Everlyn Nguku is one of Kenya’s few and little-known textile scientists. She was more of the artsy type growing up. But while she was in University studying fine arts, her interest shifted to a more scientific angle.
Unbeknown to her at the time, this shift in interest would catapult Everlyn to establish East Africa’s first silk quality control laboratory, and set Sub-Saharan Africa on a new journey toward advanced textile manufacturing.
What exactly does a textile scientist do?
A textile scientist specialises in various areas including; new technologies related to fibres, innovative textiles; textile chemistry, polymer and fibre science, processing, fabric development, quality issues among others.
Textiles are multidisciplinary in nature.
How did you come across this as a career?
I did not start out as a Textile Scientist. I studied Fine Arts for my first degree and looked forward to a career in teaching design or design related activities (I am the “creative” in the family).
However, as I studied my course, my passion for fabric and pattern shifted to fabric construction. I was intrigued and keen to understand the technical aspects of fibres and fabric. I then did my masters and the study focused on four natural textile fibres. This was the beginning of my journey with silk and science at International Centre of Insect Physiology and Ecology (ICIPE).
I began to look at textiles beyond the design element. My Ph.D. focused on silk properties. I had to understand the science behind the silkworm that produces the silk, processing technology and quality of the resulting fibre.
You are researching on the African Silkworm; tell us a bit about that?
My work actually revolves around the domesticated silkworm Bombyx mori, although there are several commercial species of silkworms. B. mori is the most widely used for silk production; it is reared indoors and feeds on the mulberry leaves.
This activity is referred to as sericulture, which is the practice of raisings silkworms to produce raw silk- the yarn obtained from cocoons spun by the worms.
I take an interdisciplinary approach and multi-faceted research of silk that focuses on optimizing silkworm rearing techniques, and cocoon production, with a key focus on fibre quality and value addition initiatives for the production of various quality silk products.
The research explores the mechanical behaviors of the silk fibre, which are key building blocks in the production of quality silk fabric. We also design silk fibre testing procedures to assess and systematically study the quality factor, tenacity & elongation, friction and wear traits.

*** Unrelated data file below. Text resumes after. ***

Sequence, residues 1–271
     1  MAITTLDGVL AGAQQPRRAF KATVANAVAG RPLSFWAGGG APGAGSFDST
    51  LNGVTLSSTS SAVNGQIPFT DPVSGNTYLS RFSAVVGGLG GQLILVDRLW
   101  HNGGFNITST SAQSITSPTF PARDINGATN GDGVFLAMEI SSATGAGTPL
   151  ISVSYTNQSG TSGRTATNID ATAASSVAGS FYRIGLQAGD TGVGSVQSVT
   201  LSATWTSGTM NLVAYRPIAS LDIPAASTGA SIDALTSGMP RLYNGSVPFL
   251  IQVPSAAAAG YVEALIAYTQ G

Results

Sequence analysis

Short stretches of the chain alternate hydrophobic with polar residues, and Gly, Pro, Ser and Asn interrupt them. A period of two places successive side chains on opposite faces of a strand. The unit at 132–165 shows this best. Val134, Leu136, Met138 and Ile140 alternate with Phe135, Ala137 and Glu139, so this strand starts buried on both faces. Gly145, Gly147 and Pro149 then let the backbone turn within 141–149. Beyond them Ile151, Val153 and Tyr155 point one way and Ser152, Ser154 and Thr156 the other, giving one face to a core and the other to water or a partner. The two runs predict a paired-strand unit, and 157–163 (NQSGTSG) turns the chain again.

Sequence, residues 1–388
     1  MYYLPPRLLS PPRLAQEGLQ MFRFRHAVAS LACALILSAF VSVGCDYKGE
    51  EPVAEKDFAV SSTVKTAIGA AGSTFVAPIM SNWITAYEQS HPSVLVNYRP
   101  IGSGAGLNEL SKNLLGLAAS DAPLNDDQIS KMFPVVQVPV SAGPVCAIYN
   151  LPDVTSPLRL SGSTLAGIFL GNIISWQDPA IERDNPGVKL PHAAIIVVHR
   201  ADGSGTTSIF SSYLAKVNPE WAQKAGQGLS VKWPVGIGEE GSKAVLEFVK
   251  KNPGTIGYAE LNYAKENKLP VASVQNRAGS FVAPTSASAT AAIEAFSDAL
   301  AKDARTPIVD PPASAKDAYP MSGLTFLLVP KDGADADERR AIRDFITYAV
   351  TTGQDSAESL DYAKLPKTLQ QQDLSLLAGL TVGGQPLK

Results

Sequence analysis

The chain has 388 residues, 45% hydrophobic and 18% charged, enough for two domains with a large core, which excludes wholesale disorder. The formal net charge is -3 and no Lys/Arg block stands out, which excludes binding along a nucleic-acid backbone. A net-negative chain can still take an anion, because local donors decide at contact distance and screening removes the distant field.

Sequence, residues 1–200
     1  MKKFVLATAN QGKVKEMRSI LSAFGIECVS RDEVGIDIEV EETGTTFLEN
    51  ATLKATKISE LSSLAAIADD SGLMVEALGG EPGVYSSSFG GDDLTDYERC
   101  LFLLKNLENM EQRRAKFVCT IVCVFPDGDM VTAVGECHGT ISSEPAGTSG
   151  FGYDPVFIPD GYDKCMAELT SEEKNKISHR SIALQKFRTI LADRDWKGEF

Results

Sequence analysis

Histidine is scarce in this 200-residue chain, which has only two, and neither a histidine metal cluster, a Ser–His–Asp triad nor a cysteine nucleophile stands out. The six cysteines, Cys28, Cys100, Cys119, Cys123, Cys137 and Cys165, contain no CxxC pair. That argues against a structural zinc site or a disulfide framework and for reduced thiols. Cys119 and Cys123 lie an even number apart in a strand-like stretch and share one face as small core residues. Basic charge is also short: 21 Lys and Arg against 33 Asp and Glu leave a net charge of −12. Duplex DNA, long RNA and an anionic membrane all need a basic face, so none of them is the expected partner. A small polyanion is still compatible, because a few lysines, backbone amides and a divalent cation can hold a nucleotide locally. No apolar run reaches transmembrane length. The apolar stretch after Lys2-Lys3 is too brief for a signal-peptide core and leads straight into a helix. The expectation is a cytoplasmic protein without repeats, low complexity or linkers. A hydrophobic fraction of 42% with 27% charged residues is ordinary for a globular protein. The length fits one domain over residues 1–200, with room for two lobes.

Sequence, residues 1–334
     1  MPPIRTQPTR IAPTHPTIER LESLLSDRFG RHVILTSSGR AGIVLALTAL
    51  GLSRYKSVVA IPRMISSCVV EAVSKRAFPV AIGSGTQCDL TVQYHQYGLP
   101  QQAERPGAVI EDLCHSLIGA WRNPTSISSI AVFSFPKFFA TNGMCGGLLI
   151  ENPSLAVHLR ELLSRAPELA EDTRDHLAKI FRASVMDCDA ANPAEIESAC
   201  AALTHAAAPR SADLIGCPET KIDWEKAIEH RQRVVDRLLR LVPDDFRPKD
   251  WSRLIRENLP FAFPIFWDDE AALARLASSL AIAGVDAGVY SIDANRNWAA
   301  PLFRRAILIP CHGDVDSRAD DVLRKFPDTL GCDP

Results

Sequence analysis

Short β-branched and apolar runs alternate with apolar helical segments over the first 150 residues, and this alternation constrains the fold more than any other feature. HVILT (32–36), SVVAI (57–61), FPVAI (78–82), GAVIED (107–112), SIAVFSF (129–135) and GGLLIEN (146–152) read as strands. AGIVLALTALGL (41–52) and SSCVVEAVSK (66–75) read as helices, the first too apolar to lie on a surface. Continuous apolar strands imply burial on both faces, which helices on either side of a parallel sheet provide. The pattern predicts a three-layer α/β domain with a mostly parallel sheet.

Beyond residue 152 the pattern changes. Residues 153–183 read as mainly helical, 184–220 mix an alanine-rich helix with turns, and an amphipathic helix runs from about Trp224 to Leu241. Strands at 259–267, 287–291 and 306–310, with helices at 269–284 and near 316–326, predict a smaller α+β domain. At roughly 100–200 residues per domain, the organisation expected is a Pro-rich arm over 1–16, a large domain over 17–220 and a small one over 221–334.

How many women are involved in this research?
Within the institution, I am working with five female technicians who undertake rearing of the silkworms and processing of the cocoons and raw silk.
A textile industry needs more professionals who understand the science and the business sense in manufacturing and processing the raw material, how can Africa tap into this?
The industry is labour intensive and has the potential to offer significant employment opportunities.
There is a need to equally invest in the skills and qualifications of people and promote the technical qualifications for people in the textile and apparel industries.
African Universities do offer degrees and masters in textile design and fashion technology. What can be done to ensure that more of these graduates become the backbone of this industry?
This sector in Africa is amazingly dynamic; however, it appears to be fragmented. Consequently, its potential remains largely unexploited possibly due to organizational weaknesses within the industry. In order to integrate graduates into the industry, there is a need for governments within the continent to prioritize the sector, unlock the potential, overcome existing problems of the textile industry and address issues that hinder the growth of the manufacturing industry.
This strengthens and improves the entire textile industry and value chain for it to be competitive and remain relevant. In addition, possibly review the rules on textile imports especially the influx of cheaper clothing which seem to hamper the local industry in Africa.
The industry should also recognize the potential of textile design and fashion technology graduates and the dynamisms they inject into the growth of the commerce and therefore need to nurture and engage this local talent.
Some of the challenges you face revolve around ignorance and general disregard of research from a policy level. How are you pushing to get more attention on this issue and more government investment and commitment to grow the textile industry in Kenya?
I am a member of Kenya Bureau of Standards (KEBS) Technical Committee on Blankets, Nonwovens, Threads, and Fibres. This is a forum that presents an opportunity to interact with the main industry stakeholders on issues related to textiles, standards and to an extent policy.
Who would win in a fight, Wonder Woman or Black Widow?
Hmmm…I had to look up the Black Widow…. didn’t know much about her 😄
All the same, my take is Wonder Woman.
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